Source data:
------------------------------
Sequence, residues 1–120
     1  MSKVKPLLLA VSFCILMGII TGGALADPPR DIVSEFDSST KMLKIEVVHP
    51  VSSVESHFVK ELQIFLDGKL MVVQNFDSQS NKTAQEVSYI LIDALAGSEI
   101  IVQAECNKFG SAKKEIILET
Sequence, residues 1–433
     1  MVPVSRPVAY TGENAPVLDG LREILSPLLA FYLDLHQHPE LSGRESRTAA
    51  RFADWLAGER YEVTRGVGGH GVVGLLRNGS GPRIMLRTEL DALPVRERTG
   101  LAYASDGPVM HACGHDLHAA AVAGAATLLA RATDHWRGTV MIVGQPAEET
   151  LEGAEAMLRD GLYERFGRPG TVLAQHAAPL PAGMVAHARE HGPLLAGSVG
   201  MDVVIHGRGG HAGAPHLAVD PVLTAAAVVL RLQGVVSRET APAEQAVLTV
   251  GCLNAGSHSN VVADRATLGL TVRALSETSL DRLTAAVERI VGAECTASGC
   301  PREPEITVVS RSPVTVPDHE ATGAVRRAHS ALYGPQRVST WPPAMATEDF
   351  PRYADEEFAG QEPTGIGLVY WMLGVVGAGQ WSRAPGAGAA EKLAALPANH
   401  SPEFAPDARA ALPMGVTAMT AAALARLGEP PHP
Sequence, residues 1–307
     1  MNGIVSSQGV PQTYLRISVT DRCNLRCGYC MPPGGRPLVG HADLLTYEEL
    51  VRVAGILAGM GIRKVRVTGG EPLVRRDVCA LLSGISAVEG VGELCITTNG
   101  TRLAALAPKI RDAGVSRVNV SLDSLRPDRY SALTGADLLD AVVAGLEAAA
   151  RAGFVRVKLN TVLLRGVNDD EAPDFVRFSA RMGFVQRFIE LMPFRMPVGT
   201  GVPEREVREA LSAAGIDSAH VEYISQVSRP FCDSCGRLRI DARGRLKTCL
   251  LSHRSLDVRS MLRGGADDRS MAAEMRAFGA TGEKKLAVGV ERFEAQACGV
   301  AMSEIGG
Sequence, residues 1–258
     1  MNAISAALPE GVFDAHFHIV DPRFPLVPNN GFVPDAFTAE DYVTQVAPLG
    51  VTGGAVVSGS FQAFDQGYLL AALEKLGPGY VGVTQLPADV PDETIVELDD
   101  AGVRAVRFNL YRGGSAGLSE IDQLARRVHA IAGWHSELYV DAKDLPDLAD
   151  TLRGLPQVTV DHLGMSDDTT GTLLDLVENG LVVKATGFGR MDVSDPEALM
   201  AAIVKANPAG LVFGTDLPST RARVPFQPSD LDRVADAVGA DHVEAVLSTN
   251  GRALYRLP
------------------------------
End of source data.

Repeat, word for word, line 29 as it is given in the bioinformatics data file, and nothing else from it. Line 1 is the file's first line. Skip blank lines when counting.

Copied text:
   251  GRALYRLP